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  • Day134

    Algiers

    April 27 in Algeria

    Had it not been on the itinerary for our world cruise, I probably would not have come to Algeria. However, I am very glad we came.

    Much of the time allotted to our excursion was spent at the Independence Memorial in Algiers. I was struck with how so many things called attention—how many comments from our guide, and how many signs, parks, buildings and institutions—all called attention to the War for Independence that ended with the expulsion of the French in 1962.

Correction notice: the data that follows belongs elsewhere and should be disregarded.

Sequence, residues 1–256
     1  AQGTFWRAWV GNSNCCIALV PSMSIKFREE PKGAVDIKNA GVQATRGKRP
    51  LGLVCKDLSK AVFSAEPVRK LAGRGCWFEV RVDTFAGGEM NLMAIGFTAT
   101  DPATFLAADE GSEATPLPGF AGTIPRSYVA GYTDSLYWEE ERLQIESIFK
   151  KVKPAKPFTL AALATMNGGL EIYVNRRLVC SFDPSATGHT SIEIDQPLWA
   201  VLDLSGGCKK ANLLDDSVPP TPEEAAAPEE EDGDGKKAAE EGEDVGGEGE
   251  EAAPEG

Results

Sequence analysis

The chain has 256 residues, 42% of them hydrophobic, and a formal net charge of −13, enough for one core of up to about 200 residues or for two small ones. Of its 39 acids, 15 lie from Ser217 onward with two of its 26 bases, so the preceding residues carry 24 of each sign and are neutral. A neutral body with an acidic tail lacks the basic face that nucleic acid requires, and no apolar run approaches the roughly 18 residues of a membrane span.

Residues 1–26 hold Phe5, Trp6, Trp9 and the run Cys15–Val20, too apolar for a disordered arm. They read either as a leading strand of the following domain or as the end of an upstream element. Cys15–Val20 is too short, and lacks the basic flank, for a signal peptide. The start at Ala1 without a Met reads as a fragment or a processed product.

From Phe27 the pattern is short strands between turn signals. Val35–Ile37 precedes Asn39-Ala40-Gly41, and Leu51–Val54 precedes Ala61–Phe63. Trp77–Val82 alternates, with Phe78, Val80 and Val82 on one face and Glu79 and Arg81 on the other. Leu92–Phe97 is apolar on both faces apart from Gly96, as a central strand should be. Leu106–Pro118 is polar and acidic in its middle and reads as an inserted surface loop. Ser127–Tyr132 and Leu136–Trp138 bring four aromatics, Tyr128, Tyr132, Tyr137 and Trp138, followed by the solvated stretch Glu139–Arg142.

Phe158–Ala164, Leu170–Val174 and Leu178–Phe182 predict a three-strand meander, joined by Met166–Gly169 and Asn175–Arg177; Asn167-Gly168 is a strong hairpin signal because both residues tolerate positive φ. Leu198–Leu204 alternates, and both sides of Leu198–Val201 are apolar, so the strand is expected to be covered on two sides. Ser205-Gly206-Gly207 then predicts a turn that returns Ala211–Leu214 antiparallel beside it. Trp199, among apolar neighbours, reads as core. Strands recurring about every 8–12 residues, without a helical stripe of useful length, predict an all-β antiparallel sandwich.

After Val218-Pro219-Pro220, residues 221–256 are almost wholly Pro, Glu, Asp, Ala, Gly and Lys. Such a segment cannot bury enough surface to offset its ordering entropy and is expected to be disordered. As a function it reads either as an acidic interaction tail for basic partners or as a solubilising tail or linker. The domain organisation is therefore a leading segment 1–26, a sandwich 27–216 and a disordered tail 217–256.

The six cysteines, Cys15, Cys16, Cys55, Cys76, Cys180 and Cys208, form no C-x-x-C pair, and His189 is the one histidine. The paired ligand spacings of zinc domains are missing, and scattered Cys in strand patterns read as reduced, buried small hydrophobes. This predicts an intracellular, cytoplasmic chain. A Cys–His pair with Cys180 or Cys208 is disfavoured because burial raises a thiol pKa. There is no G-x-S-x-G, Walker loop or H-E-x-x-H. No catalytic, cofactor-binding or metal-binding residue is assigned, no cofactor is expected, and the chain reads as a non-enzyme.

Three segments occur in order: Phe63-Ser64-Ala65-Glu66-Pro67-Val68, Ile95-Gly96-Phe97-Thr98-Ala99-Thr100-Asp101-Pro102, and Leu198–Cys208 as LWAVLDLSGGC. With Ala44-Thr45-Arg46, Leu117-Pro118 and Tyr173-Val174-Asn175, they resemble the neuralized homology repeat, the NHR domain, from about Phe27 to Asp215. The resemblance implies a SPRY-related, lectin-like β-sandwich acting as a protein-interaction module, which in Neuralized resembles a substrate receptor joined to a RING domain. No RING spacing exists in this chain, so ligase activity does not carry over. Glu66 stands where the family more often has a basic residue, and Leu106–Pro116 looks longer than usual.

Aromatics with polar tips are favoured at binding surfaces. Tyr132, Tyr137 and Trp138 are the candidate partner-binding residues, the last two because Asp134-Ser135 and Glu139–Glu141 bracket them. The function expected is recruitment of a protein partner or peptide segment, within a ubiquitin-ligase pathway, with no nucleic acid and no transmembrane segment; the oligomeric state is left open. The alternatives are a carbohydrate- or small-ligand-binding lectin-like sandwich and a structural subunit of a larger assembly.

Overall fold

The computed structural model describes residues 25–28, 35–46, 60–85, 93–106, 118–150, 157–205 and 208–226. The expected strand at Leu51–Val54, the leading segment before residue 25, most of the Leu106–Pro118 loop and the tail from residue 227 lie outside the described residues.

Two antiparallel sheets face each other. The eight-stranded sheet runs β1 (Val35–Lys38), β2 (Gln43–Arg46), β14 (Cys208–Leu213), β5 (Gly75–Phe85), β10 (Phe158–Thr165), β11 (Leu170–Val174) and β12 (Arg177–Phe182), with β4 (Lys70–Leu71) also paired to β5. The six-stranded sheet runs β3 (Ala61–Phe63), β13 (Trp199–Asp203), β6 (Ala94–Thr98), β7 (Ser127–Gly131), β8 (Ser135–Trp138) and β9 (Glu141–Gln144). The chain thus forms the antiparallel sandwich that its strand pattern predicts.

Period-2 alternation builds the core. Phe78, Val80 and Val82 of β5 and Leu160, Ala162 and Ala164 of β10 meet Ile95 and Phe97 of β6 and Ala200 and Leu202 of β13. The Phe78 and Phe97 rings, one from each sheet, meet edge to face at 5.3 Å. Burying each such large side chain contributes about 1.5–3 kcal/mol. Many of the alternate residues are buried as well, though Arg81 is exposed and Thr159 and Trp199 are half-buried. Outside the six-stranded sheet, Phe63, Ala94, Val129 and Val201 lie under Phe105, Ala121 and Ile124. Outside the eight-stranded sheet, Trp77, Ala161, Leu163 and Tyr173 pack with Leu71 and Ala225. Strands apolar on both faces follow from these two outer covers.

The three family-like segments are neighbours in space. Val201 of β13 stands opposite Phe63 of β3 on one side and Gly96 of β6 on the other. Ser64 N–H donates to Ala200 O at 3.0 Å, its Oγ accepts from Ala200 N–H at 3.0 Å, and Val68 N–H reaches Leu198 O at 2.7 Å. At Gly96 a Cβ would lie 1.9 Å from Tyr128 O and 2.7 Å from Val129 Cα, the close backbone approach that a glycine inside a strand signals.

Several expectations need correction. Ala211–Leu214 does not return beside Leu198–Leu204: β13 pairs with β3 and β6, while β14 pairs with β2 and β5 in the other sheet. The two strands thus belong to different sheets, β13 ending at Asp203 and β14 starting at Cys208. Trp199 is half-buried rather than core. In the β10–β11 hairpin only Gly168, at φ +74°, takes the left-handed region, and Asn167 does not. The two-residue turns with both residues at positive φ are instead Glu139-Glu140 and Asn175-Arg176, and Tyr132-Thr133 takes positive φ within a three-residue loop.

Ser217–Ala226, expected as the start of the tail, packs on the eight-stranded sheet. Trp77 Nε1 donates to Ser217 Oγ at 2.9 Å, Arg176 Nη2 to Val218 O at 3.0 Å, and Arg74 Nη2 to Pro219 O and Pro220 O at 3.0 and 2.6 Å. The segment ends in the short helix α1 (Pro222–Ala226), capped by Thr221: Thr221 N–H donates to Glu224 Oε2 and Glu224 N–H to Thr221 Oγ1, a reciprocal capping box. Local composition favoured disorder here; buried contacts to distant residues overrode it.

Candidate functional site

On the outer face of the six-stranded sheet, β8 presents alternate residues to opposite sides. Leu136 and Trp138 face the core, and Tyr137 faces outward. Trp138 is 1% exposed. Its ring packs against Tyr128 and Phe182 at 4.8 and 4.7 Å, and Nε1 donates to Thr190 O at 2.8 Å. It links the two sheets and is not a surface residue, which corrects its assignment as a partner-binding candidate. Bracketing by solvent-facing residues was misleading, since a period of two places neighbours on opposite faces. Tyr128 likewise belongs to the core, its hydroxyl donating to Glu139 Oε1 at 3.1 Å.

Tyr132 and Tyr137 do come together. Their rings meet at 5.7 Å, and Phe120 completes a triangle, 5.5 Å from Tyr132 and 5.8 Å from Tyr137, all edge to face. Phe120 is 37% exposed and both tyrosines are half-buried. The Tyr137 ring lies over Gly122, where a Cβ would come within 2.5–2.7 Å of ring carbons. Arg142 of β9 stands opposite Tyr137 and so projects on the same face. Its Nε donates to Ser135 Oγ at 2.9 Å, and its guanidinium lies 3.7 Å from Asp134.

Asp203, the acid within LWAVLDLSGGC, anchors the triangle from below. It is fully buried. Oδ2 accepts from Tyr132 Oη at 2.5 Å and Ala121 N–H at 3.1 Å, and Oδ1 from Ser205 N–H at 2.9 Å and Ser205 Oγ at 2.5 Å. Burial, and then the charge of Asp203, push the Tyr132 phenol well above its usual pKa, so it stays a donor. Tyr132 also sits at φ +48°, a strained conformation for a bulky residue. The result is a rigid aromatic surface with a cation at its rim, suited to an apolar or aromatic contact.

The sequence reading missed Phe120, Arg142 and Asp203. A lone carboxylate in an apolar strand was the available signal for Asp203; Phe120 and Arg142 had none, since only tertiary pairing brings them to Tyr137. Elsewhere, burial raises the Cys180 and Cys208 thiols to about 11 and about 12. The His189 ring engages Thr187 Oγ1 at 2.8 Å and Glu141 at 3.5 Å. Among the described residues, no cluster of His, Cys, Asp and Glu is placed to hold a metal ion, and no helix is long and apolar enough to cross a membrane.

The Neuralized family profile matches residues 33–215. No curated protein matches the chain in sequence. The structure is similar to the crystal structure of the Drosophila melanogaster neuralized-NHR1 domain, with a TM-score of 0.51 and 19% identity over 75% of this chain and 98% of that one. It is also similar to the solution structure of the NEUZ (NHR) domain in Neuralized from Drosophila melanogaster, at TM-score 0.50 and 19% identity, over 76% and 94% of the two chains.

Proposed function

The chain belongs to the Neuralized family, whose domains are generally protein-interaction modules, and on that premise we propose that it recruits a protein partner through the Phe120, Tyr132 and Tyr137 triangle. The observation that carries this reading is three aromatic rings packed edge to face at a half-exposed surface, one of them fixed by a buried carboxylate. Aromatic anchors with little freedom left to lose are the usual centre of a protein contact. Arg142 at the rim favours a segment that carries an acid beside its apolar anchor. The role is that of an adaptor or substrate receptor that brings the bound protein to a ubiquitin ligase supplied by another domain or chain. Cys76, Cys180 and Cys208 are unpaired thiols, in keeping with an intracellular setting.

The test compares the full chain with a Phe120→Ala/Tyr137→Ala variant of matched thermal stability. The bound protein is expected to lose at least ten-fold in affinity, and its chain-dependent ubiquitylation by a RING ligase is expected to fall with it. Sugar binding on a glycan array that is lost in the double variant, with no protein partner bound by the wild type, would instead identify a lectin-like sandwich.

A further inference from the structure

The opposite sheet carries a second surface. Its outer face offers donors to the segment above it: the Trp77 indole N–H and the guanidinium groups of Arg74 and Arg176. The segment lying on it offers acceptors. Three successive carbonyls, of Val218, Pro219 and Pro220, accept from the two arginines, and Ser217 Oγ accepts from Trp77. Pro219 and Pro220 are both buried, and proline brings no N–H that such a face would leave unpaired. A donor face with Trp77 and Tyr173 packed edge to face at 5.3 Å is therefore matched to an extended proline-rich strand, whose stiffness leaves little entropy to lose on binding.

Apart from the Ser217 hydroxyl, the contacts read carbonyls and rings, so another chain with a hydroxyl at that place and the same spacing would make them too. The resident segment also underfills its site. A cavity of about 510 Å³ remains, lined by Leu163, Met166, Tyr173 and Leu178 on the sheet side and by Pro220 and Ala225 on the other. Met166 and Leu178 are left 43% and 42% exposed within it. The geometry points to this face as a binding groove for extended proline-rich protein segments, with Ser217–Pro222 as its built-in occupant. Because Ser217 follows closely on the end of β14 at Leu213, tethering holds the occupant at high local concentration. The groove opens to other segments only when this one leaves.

I remember that war. I remember following it on television. I remember the intense partisanship shown not only by native Algerian Muslims, but also by the French. On one hand, Algeria belongs to Algerians. On the other hand since the 1830’s Algeria was not merely a French colony; it was actually part of France. The three provinces of Algeria were actually three French states, like Bordeaux or Provence or Alsace. The result in the 1950’s and 60’s was intense guerrilla warfare not only by the Arabs, but also by the French. When the French government under President Coty couldn’t handle the situation in 1958, Parliament, in an extraordinary move, called General Charles DeGaulle out of his twelve-year retirement to keep France whole. Yet by 1959 DeGaulle saw the handwriting on the wall and said that Algeria must be independent. Four French generals then staged the Algiers Putsch of 1961 in which they attempted to foment another French Revolution. They wanted to topple the French government and imprison DeGaulle. They landed paratroopers in Algiers, sent paratroopers to Paris, and intended to take over all of France. DeGaulle stopped them. When it was all over 1.5 million people were dead in a struggle for independence that lasted from 1954 until 1962.